Pain is believed to be triggered by activation of free nerve endings without end organs in the skin. In contrast to this paradigm, Abdo et al. Discovered a previously unknown mesh-like organ that covered the skin that perceives dangerous environmental stimuli (see Doan and Monk's Perspective). This organ is made up of specialized glial cells in the epidermal-dermal boundary and is sufficient and required to initiate mechanical pain transduction.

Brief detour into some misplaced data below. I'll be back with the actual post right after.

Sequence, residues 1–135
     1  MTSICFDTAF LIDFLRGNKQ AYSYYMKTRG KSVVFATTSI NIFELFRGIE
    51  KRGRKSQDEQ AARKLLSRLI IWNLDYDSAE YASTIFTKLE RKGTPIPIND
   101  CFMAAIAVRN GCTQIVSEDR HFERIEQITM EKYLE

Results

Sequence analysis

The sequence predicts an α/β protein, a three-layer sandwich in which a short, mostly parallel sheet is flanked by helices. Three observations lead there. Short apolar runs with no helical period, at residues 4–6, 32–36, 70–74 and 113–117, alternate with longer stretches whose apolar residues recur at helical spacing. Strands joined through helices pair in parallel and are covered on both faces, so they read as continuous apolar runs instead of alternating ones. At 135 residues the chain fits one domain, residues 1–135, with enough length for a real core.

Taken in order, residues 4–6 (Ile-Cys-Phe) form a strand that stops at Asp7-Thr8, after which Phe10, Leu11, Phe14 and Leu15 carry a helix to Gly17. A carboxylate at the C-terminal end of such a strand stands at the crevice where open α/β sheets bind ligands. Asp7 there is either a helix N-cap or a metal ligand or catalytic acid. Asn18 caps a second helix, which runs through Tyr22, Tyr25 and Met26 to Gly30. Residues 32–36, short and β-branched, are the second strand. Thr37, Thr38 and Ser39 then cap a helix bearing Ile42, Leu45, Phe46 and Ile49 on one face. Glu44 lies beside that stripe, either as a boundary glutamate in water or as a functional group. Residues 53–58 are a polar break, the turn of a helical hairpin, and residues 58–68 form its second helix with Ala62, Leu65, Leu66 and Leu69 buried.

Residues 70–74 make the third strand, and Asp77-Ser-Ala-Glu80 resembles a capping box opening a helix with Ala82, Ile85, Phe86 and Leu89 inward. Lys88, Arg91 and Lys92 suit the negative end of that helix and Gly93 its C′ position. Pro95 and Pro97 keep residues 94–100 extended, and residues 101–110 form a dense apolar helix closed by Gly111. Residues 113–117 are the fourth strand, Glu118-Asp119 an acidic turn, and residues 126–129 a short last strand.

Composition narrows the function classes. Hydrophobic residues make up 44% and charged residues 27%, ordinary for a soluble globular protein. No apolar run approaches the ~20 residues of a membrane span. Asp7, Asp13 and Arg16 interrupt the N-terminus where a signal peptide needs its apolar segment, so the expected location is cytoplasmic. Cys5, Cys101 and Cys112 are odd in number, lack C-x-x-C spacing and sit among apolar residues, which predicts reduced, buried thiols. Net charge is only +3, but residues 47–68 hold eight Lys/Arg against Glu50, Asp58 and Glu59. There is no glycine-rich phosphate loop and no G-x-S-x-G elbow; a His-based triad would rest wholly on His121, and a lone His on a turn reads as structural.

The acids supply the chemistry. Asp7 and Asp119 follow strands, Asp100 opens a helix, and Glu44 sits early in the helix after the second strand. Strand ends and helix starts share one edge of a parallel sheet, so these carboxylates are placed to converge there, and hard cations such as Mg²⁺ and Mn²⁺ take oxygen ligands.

An essential condition for the survival of an organism is the ability to detect and respond to aversive stimuli. The current belief is that harmful stimuli directly activate nociceptive sensory nerve endings in the skin. A specialized type of cutaneous glial cell was discovered with extensive processes that form a mesh-like network in the subepidermal boundary of the skin that transmits harmful thermal and mechanical sensitivity. A direct stimulating functional connection with sensory neurons is shown and evidence of a previously unknown organ that plays an essential physiological role in detecting harmful stimuli. Thus, these glial cells, closely associated with non-myelinated nociceptive nerves, are inherently mechanosensitive and transmit nociceptive information to the nerve.